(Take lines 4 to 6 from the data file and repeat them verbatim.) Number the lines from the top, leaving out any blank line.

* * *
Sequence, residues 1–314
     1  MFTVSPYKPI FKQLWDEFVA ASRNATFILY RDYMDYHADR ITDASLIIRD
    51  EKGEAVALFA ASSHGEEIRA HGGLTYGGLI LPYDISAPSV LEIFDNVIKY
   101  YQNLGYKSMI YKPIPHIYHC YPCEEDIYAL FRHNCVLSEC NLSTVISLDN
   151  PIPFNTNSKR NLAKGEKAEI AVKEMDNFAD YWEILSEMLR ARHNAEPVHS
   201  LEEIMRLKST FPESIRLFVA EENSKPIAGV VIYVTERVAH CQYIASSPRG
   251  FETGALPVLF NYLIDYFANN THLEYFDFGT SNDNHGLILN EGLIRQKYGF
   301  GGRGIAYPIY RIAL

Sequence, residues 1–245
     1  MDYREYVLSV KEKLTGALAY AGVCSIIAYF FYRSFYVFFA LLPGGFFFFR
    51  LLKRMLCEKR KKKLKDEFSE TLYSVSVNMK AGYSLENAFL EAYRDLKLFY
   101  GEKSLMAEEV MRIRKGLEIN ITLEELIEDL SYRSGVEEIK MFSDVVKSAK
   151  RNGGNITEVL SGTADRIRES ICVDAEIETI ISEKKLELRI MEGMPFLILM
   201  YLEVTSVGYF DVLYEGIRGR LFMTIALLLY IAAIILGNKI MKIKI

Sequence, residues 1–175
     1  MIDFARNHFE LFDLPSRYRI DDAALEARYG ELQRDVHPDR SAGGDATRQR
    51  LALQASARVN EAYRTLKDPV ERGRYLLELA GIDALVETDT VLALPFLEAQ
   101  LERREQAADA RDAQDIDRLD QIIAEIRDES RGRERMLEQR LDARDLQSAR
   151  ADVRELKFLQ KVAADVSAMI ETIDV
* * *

   101  YQNLGYKSMI YKPIPHIYHC YPCEEDIYAL FRHNCVLSEC NLSTVISLDN
   151  PIPFNTNSKR NLAKGEKAEI AVKEMDNFAD YWEILSEMLR ARHNAEPVHS
   201  LEEIMRLKST FPESIRLFVA EENSKPIAGV VIYVTERVAH CQYIASSPRG